** Poissons Ratio **

##### Poissons Ratio

- Describe and define Poisson’s ratio.

Consider a rod under an axial tensile load P such that the material is within the elastic limit. The normal stress on x plane is \(\sigma_{xx} = \dfrac{P}{A}\) and the associated longitudinal strain in the x direction can be found out from \(\epsilon_x = \dfrac{\sigma_{xx}}{E}\). As the material elongates in the x direction due to the load P, it also contracts in the other two mutually perpendicular directions, i.e., y and z directions. Hence, despite the absence of normal stresses in y and z directions, strains do exist in those directions and they are called lateral strains.

The ratio between the lateral strain and the axial/longitudinal strain for a given material is always a constant within the elastic limit and this constant is referred to as Poisson’s ratio.

It is denoted by \(nu\). Since the axial and lateral strains are opposite in sign, a negative sign is introduced in the definition to make \(\nu\) positive. \[\nu = - \dfrac{\mathrm{lateral\ strain}}{\mathrm{longitudinal\ strain}}\]

Poisson’s ratio can be as low as 0.1 for concrete and as high as 0.5 for rubber. In general, it varies from 0.25 to 0.35 and for steel it is about 0.3.

Young’s modulus = E = \(\dfrac{\mathrm{tensile\ stress}}{\mathrm{tensile\ strain}}\)

Young’s modulus = E = \(\dfrac{\mathrm{compressive\ stress}}{\mathrm{compressive\ strain}}\)

Shear modulus = G = \(\dfrac{\mathrm{shear\ stress}}{\mathrm{shear\ strain}}\)

Bulk modulus = K = \(\dfrac{\mathrm{Volumetric\ stress}}{\mathrm{volumetric\ strain}}\)

K= \(\dfrac{\mathrm{pressure}}{\mathrm{volumetric\ strain}}\) = \(\dfrac{p}{(\delta V/ V)}\)

**Solved Example: 41-3-01 Page 131**

The value of Poisson’s ratio for steel is between:

**Solved Example: 41-3-02 Page 131**

Poisson’s ratio is defined as the ratio of:

**Solved Example: 41-3-03 Page 131**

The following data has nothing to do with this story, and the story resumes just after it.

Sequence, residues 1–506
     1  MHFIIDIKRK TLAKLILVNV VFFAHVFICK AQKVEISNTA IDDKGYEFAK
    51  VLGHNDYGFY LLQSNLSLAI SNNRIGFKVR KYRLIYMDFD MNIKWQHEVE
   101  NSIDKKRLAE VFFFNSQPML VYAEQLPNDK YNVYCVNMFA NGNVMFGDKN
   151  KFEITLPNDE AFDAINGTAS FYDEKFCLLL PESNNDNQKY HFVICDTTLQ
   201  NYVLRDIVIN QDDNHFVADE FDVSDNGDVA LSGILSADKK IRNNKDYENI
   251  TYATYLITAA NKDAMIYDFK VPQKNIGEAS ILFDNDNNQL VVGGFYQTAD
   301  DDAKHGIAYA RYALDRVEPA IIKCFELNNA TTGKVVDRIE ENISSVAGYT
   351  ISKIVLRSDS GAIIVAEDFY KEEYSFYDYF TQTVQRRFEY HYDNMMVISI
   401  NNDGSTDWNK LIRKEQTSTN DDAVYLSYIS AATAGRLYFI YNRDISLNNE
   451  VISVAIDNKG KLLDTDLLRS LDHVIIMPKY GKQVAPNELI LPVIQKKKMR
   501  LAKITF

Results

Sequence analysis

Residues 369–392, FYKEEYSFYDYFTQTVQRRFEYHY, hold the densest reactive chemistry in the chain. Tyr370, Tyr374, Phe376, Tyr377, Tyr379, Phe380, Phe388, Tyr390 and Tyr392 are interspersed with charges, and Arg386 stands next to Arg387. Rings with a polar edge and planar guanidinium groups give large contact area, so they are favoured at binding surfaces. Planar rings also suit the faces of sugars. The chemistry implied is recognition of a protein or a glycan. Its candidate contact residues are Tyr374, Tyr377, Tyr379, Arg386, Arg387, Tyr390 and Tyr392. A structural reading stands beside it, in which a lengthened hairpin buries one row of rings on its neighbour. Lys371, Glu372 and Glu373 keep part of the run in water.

A bar of 30 mm diameter is subjected to a pull of 60 kN. The measured extension on gauge length of 200 mm is 0.1 mm and change in diameter is 0.004 mm. Calculate Poisson’s ratio.

**Solved Example: 41-3-04 Page 131**

Poisson's ratio of a material is 0.5. Percentage change in its length is 0.04%. What is the change in percentage of diameter?

**Solved Example: 41-3-05 Page 131**

Which of the following statements is NOT true?

**Solved Example: 41-3-06 Page 131**

Which of the following describes the concept of Poisson's ratio most accurately?

**Solved Example: 41-3-07 Page 131**

What is the unit of the modulus of elasticity?

**Solved Example: 41-3-08 Page 131**

Within elastic limit, the volumetric strain is proportional to the hydrostatic stress. What is the constant that relates these two quantities called?

**Solved Example: 41-3-09 Page 131**

What is another term for modulus of rigidity?

**Solved Example: 41-3-10 Page 131**

The ratio of lateral strain to the linear strain within elastic limit is known as:

**Solved Example: 41-3-11 Page 131**

Young’s modulus is defined as the ratio of:

**Solved Example: 41-3-12 Page 131**

The materials having same elastic properties in all directions are called:

**Solved Example: 41-3-13 Page 131**

The value of modulus of elasticity for mild steel is of the order of:

**Solved Example: 41-3-14 Page 131**

A metallic rod of 500 mm length and 50 mm diameter, when subjected to a tensile force of 100 kN at the ends, experiences, an increase in its length by 0.5 mm and a reduction in its diameter by 0.015 mm. The Poisson's ratio?